(This ties nicely back to my “God’s not ‘politically correct'” post back in April. Give it a read if you haven’t, or a re-read if it’s been a while.)
Continuing on with the passage, the Lord then provides Jonah with another object lesson. In verses 5 through 8, while stubborn Jonah waits ever hopeful to see Nineveh destroyed, the Lord causes a vine to grow overnight, providing the prophet with much needed shade. Jonah takes great delight in this minor comfort (the only time in the entire book that we see him happy). But the following day, God causes a worm to devour the plant and destroy it, then sends a scorching wind to make Jonah miserable. Once again, Jonah is upset and ready to die.
And once again, the Lord asks him a question:
But God said to Jonah, “Do you have a right to be angry about the vine?”
“I do,” he said. “I am angry enough to die.”
But the LORD said, “You have been concerned about this vine, though you did not tend it or make it grow. It sprang up overnight and died overnight. But Nineveh has more than a hundred and twenty thousand people who cannot tell their right hand from their left, and many cattle as well. Should I not be concerned about that great city?”
The meaning of the “right hand from their left” phrase is debatable. Some scholars believe this refers to Nineveh’s young children, meaning the entire human population of the city could be as great as 600,000. Others believe the phrase is more metaphorical, referencing Nineveh’s spiritual and moral ignorance about God. Regardless of this uncertainty, the Lord places an obvious priority on His creation. Which is more important, a single plant to sprang up and died in a matter of days, or (at least) 120,000 (possibly innocent) human lives? Jonah’s priorities were obviously not God’s. He took greater joy in his own physical comfort than in the mortality and spiritual well-being of an entire city.
Jonah is more than a story about God using a reluctant servant. The Bible is full of those (like Moses or Gideon). It’s really a story about reaching past our prejudices and seeing things from God’s perspective. Wouldn’t the world be a much better place if we all did?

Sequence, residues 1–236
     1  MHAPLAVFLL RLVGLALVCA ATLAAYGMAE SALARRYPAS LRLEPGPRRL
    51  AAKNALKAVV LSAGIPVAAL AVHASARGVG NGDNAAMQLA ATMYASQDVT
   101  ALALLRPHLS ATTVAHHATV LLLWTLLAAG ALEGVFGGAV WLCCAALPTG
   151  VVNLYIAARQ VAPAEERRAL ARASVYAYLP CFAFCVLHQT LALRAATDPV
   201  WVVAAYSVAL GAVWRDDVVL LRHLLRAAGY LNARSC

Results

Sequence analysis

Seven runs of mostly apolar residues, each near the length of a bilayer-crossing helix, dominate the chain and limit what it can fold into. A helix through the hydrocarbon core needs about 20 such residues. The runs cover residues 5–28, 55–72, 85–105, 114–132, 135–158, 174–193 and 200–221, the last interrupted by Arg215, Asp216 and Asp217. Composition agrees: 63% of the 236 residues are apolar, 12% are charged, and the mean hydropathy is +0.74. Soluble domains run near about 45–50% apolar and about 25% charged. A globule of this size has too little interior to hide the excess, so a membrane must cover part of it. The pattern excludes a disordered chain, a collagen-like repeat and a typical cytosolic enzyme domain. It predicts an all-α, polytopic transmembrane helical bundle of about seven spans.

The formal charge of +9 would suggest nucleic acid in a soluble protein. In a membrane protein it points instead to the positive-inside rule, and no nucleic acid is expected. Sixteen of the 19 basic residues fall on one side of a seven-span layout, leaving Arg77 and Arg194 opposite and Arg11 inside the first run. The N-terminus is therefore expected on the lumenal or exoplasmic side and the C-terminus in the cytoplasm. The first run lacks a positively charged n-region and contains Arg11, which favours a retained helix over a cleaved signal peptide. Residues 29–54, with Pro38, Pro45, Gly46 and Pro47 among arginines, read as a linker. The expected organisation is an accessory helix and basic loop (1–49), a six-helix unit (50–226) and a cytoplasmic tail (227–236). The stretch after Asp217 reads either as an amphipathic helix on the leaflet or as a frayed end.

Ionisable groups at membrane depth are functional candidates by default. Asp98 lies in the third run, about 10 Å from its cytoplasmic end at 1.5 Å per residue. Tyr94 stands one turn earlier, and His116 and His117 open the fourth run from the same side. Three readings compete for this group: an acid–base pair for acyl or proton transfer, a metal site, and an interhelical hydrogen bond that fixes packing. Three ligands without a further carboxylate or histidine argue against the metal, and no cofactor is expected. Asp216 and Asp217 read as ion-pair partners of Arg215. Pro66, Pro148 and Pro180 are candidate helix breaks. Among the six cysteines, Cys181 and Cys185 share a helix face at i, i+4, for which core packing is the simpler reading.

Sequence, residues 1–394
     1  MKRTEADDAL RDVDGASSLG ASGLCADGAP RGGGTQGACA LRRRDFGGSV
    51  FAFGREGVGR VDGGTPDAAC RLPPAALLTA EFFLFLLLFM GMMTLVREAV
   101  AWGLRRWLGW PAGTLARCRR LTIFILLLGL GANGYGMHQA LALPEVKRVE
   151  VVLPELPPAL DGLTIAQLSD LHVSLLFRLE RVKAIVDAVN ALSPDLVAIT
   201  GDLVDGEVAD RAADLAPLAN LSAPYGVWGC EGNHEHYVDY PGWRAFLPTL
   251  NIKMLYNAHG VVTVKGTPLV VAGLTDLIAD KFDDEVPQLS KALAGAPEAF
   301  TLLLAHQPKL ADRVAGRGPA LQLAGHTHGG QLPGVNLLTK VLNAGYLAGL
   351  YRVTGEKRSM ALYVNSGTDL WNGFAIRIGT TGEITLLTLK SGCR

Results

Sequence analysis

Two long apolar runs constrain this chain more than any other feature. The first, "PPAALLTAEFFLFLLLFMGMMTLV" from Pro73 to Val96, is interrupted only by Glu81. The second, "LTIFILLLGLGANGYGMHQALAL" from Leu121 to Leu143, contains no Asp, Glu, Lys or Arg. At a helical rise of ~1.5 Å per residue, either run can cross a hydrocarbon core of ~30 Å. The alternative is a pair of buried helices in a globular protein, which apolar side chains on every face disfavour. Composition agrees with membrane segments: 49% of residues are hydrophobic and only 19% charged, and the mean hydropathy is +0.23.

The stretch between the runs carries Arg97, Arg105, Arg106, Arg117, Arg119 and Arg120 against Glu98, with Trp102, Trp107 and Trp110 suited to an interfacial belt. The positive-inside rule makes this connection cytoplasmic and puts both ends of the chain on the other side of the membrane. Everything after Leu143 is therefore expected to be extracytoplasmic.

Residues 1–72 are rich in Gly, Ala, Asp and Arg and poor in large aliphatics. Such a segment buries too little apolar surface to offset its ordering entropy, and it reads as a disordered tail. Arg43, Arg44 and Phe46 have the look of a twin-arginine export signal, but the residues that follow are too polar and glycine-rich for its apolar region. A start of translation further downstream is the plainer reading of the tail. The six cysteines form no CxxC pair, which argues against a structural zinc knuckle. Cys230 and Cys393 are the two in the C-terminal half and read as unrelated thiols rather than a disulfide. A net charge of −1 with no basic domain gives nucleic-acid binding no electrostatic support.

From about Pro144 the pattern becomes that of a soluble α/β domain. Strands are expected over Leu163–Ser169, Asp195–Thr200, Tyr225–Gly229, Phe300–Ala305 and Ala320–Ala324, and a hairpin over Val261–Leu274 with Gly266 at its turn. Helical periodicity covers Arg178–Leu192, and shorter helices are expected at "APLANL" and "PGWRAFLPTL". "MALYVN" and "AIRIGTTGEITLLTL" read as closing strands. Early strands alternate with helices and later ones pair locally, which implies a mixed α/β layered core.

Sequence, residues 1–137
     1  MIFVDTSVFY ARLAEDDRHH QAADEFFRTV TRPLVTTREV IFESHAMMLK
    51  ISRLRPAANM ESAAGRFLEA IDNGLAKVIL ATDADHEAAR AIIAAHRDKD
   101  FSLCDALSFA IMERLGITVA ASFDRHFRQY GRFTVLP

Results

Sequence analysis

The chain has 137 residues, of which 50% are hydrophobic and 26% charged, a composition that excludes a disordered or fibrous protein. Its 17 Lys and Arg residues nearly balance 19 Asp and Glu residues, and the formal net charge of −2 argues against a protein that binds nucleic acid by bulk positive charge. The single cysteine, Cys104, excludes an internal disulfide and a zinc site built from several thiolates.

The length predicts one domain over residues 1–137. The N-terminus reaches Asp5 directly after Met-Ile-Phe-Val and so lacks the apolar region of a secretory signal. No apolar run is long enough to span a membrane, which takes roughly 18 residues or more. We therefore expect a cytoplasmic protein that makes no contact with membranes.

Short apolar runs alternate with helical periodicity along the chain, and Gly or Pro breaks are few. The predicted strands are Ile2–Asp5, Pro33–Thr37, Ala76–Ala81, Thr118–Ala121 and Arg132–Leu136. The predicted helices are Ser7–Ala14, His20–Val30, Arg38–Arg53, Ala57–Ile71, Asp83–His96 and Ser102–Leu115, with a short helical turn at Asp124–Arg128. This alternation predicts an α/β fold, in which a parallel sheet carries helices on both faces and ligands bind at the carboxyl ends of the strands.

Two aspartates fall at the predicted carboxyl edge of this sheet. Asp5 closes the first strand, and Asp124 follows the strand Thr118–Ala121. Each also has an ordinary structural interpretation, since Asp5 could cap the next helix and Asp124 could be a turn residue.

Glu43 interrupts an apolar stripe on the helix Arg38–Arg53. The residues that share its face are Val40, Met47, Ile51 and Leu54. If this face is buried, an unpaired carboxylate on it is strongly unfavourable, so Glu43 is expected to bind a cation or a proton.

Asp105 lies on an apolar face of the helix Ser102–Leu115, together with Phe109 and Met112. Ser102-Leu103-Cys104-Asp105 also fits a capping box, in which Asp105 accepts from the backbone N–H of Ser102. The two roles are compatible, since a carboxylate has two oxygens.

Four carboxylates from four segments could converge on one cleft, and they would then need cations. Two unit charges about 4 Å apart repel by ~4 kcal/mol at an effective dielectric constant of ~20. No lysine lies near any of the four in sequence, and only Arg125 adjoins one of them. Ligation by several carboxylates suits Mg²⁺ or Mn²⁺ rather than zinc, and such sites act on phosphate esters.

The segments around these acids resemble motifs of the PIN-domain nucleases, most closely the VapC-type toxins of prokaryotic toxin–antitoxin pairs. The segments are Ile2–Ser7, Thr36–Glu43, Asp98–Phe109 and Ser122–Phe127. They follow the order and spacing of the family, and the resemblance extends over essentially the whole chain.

Thanksgiving is truly an American holiday, created here in the United States and celebrated only here and in Canada. But the concept of thanksgiving is an old one, and one that should never be forgotten. The secular world has done much to rob many Christian holidays of their true meaning (Christmas and Easter specifically), but it’s hard to completely remove the meaning of a holiday that at its core is about giving thanks to one’s Creator. Sure, most folks only think about football, parades, or gorging themselves on turkey, and the commercial sector looks at the holiday as a minor speed bump on the high-speed expressway to Christmas shopping, but at its heart Thanksgiving is about giving thanks. Such a novel concept. Maybe they should name the holiday after that or something.
Here’s a few selected verses that come to mind:
Give thanks to the LORD, call on his name; make know among the nations what he has done — 1 Chronicles 16:8 (NIV)
Let us come before him with thanksgiving and extol him with music and song. — Psalm 95:2 (NIV)
Enter his gates with thanksgiving and his courts with praise; give thanks to him and praise his name. For the LORD is good and his love endures forever; his faithfulness continues through all generations — Psalm 100:4-5 (NIV)
But thanks be to God! He gives us the victory through our Lord Jesus Christ. — 1 Corinthians 15:57 (NIV)
But thanks be to God, who always leads us in triumphal procession in Christ and through us spreads everyone the fragrance of the knowledge of him. — 2 Corinthians 2:14 (NIV)
Thanks be to God for his indescribable gift! — 2 Corinthians 9:15 (NIV)
Do not be anxious about anything, but in everything, by prayer and petition, with thanksgiving, present your requests to God. — Philippians 4:6 (NIV)
Give thanks in all circumstances, for this is God’s will for you in Christ Jesus. — 1 Thessalonians 5:18 (NIV)
Therefore, since we are receiving a kingdom that cannot be shaken, let us be thankful, and so worship God acceptably with reverence and awe…. — Hebrews 12:28 (NIV)
Back on my trip to Comic-Con, I read a rather interesting article. Whenever I go on a long trip or anticipate a situation where I’ll be doing a lot of waiting (like on a plane or at the doctor’s office), I’ll often sync up with AvantGo to get a little reading material. One of the channels I subscribe to is Wired, although I admit it’s low on my priority list and I usually only get to it after I’ve exhausted most of the other channels I subscribe to. Still, I often find a few bizarre and interesting tidbits, like this little article here.
To summarize: Electronic privacy advocates like the EFF have found an odd new ally in Katherine Albrecht, who is opposed to RFID tagging, a new and up-and-coming technology used by businesses to manage their inventory. Why is Ms. Albrecht opposed to RFID? Well, aside from the usual tin-foil hat Big Brother conspiracy theories, she’s added a new angle that other privacy nuts haven’t hit upon: she believes that RFID may be, at least in part, the fulfillment of the Mark of the Beast (see Revelation 13:16-18).
I find it interesting the reactions coming from the usually liberal and quite often anti-Christian computer literates that usually support privacy concerns. Lee Tien, senior staff attorney at the EFF, was quoted as saying, “Many of us in the mainstream privacy community don’t know how to reach out to [the Christian community].” Considering the sentiments I usually perceive of Christians by the hacker community, it isn’t surprising. I suppose it hadn’t occurred to anyone to simply ask….